Barbara Evans


Independent advice and consultancy services in

  • Sanitation
  • Hygiene
  • Water Supply
  • Poverty and Development

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Click on these links to download recent publications:

The Partnership Paperchase: making tripartite partnerships work

Vulnerability of the Urban Poor for Water and Sanitation

Review of Rural Water and Sanitation at the World Bank

Budget Support and Water and Sanitation

Sanitation Policy and Practice

Business Development Support for community-managed rural water supply

Other Resources on the web (a very brief introductory selection):

Building Partnerships for Development in Water and Sanitation:

IIED Human Habitats (and see also Environment and Urbanisation):


Water and Sanitation Program:

WELL Resource Centre:

International Water Association:

Stockholm International Water Institute:

Water sector policy

There are a wide range of pressing policy concerns in the water sector, all of which need to be addressed if we are to make progress towards the MDG targets, and importantly beyond these targets towards universal access.  The issues relate both to increasing access to services through new investments and improving those investments so they result in sustained services of high quality at affordable prices.  It seems increasingly clear that the levels of service which can be delivered to the the world's population cannot reach levels currently provided in some areas, and indeed the sustainability  of these services is in doubt; but with the right policies universal access at a more appropriate level is still attainable.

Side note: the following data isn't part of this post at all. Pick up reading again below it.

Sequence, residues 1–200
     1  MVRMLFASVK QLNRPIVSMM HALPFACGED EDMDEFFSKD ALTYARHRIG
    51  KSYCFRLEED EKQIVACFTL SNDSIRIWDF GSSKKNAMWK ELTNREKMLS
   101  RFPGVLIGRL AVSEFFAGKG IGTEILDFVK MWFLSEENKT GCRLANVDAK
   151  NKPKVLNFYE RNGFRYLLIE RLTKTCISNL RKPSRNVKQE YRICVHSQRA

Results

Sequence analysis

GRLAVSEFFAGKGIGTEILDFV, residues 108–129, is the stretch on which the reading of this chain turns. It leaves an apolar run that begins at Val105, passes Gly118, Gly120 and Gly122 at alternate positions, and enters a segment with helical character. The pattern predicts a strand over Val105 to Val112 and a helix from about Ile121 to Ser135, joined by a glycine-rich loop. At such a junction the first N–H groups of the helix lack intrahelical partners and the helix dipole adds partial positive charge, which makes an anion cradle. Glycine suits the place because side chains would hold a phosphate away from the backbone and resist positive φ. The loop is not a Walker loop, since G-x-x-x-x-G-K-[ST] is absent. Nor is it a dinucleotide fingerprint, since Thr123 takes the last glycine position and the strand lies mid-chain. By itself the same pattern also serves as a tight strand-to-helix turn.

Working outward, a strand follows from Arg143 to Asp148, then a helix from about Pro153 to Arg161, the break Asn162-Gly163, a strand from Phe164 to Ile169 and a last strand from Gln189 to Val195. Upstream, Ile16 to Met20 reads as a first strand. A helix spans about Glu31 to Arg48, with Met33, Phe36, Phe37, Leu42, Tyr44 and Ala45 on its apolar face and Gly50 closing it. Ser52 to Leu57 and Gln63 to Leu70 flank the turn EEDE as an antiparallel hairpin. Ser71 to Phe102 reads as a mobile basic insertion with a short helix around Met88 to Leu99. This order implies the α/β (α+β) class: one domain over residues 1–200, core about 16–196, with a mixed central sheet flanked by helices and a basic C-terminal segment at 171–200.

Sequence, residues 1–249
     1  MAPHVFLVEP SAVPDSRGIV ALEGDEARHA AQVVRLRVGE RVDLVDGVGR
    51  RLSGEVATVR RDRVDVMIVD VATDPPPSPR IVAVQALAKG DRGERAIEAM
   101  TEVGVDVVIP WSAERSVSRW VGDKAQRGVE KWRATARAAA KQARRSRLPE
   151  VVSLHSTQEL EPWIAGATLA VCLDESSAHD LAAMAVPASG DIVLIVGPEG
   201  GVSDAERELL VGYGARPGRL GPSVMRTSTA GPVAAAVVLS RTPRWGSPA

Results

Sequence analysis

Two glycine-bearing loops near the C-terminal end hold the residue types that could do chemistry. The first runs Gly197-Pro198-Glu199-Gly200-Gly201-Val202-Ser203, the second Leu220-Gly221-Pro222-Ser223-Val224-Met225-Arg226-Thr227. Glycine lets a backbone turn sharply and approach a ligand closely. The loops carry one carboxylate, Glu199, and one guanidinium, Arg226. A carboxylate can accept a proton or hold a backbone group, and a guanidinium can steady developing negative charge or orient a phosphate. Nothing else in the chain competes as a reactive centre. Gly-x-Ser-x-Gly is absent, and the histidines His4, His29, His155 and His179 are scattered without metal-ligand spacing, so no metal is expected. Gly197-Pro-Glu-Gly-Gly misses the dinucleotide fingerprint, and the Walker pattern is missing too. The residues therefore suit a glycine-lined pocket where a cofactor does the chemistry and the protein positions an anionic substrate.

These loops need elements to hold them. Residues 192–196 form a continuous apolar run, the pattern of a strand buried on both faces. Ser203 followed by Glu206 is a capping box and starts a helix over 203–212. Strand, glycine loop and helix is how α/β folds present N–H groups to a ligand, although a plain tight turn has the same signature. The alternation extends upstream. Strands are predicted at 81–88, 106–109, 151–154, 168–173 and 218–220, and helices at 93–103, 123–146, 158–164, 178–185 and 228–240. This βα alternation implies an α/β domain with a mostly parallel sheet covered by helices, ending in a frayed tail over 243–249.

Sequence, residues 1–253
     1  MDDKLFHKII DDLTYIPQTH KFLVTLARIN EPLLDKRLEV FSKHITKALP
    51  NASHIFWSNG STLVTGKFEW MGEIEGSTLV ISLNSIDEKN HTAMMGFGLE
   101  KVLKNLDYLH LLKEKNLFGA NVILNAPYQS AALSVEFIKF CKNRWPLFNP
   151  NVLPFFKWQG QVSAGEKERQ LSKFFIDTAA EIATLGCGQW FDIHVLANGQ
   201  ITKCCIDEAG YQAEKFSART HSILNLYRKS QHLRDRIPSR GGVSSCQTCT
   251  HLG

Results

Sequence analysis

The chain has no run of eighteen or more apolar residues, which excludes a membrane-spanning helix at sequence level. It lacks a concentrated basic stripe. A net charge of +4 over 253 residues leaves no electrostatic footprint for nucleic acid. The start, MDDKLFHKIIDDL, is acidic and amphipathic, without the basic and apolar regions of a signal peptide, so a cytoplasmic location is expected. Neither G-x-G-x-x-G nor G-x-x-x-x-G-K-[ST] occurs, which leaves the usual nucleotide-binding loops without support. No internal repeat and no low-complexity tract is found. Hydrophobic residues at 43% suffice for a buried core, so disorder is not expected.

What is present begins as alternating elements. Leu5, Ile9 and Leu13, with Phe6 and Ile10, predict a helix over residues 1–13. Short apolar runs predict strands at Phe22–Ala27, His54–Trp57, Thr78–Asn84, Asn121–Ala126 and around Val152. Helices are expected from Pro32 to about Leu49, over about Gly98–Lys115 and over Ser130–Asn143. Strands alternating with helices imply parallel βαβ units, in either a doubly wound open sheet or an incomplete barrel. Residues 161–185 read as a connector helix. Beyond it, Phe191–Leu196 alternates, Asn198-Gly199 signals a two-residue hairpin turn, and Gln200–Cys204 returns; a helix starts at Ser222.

Some of the recent policy debate has focused perhaps unhelpfully on a public versus private provision argument.  Despite the heated debate, much of the real work on this topic in the past years has focused on providing practical assistance to policy makers who are seeking to develop relationships between public, private and civil society actors in the various tasks relating to water service provision.  Two of these are linked above; the first, The Partnership Paperchase, looks at how tripartite relationships between actors can be structured and documented, while also providing pointers towards identifying when a partnership is a partnership and when it should more properly be treated as a contract.  The second, older document, Pro-poor transaction design, looks at structuring private sector contracts so that they generate incentives to provide services to unserved and low-income communities.

Another interesting current debate pits straight-forward development projects against more systemic budget support to national programs of governments.  Two documents of interest here were both commissioned by the World Bank.  The first is a review of lending by the World Bank in the rural water supply sector over the past 25 years, while the second looks at how rural water supply can be better represented in Budget Suport operations.